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Typo: A Monthly Newspaper and Literary Review, Volume 3

From Australia

From Australia.

Melbourne, 12 August, 1889.

Since my last letter trade has undergone very little change being, if anything, in a more satisfactory condition. The unemployed have drifted to other parts, or secured work to such an extent that their cry has almost ceased to be heard. In the jobbing offices trade has not improved much, but better times are now expected. The reports from the other colonies announce business in a fair state, but in all cases there are sufficient hands to meet the demand. During the last few weeks a number of additional frames have been fitted up in the Government Printing Office, where a large work is being turned out. The annual roll hands will of course be taken on, and there is a likelihood of seven or eight months' work on the statutes.

At the ordinary monthly meeting of the Board of Management of the Melbourne Typographical Society on the 15th June, Mr S. Moore gave notice of motion for the half-yearly meeting, to the effect that in future all levies be based pro rata upon a man's earnings, as follows: 1/- a week for men in full time; half-time, 6d; piece hands earning £3 or over, 1/-;. £1 10/-, 6d; under, exempt. With such levies the Society should soon recoup its funds; but the matter has of course to come before the half-yearly meeting.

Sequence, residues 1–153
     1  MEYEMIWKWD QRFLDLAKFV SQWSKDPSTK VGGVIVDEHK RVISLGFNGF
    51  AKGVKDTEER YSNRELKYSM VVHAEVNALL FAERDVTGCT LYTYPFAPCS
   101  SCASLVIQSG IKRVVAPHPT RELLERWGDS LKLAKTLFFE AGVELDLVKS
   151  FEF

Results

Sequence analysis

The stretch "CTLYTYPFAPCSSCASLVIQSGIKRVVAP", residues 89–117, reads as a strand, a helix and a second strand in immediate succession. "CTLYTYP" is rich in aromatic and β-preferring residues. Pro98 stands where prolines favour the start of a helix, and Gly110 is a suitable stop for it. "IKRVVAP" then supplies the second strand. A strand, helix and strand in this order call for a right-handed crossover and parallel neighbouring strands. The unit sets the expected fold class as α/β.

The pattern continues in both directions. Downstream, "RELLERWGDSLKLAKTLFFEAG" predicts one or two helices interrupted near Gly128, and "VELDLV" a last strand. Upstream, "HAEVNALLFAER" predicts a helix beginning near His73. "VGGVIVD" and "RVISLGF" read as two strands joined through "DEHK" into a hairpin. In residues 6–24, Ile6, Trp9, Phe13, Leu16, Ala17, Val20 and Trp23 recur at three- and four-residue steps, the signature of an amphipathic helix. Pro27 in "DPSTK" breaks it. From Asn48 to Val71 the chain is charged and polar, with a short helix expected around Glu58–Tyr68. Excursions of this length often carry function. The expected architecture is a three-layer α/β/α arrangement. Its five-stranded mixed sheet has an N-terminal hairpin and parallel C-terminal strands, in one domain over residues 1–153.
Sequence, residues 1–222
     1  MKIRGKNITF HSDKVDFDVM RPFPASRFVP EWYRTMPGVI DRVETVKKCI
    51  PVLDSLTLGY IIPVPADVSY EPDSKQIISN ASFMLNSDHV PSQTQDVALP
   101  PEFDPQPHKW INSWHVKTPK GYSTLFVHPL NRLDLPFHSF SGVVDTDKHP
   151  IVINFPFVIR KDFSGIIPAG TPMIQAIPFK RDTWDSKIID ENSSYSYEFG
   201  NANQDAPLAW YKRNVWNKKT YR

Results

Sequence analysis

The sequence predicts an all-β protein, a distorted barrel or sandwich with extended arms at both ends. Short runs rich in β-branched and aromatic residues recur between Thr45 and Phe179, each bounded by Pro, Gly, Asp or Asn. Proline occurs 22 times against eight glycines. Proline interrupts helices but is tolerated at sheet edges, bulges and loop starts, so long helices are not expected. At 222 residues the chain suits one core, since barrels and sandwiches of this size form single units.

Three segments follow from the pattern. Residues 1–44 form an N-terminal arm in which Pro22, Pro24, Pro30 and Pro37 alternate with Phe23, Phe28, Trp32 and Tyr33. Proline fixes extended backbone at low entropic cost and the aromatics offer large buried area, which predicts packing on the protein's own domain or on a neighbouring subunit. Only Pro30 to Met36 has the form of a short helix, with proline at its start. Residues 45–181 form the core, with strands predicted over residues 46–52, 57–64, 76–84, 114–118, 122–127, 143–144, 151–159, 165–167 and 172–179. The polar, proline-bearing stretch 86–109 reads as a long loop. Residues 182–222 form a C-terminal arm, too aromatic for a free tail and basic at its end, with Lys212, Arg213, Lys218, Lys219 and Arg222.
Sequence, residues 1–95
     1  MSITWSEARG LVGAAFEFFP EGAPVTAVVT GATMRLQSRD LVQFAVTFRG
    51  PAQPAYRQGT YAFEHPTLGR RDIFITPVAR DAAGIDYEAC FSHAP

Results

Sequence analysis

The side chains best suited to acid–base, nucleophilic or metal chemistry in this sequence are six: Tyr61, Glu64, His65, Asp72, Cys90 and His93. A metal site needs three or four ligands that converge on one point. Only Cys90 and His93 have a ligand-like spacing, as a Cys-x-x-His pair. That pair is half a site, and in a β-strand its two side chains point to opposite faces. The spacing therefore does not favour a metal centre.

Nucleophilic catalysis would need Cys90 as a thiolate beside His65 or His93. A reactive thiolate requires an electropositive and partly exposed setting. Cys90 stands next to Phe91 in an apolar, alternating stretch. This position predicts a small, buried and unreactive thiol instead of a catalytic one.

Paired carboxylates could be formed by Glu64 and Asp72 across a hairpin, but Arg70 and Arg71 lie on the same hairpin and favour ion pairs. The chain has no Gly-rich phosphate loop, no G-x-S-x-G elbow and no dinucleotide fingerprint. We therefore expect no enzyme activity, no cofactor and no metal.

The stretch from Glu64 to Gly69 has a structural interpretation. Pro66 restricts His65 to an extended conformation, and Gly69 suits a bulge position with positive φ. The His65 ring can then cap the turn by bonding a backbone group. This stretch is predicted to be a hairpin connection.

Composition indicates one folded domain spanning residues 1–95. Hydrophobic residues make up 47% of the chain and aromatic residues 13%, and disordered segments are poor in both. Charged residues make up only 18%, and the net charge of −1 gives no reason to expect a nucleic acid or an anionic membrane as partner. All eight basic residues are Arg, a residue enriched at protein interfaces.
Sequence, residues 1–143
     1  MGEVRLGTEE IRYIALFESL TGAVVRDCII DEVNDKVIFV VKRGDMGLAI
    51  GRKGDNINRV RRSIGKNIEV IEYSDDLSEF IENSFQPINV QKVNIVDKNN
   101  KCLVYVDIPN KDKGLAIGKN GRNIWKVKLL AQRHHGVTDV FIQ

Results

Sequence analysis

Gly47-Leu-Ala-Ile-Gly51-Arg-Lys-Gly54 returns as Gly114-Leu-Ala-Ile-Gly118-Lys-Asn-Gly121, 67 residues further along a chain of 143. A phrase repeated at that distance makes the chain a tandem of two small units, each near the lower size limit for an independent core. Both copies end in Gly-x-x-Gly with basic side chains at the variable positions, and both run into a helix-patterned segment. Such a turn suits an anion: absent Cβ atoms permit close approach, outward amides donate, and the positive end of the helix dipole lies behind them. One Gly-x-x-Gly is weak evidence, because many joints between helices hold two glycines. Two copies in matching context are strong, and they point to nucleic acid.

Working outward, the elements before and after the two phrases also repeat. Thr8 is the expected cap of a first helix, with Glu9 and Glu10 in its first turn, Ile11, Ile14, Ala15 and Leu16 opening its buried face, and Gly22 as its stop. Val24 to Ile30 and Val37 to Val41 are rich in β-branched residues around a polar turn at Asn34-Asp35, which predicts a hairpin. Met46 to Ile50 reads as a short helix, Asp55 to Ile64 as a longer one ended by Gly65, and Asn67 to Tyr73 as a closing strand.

An election was held at the end of last month for a secretary to the Society in the stead of Mr Stevens, who has accepted the position of editor of the new Trades and Labor Journal. Mr Stevens has been an excellent servant during his term, and regret was expressed at his resignation. There were four candidates in the field, from which Mr John Hancock was elected on the first poll. Mr Hancock has been a prominent man in the trade since his arrival here, and should fill well the post of secretary.

The Trades and Labor Journal made its appearance on the 13th July, with eight pages of reading-matter, and a colored wrapper. The journal is carefully edited, neatly designed, and well-turned-out from the machine; and should command a good share of support from the working community alone.

A compositor named Jermy, lately of New Zealand, employed in the Evening Standard office, fell a victim to typhoid fever on Friday last, and the funeral on Sunday was well attended. Jermy was an industrious comp and well spoken of by those who knew him.

The Bush Advocate publishes a brief but very interesting history of the Dunedin Star, the successful evening paper of that city, which has a circulation of nearly ten thousand. We have put the « note » on our file for future use.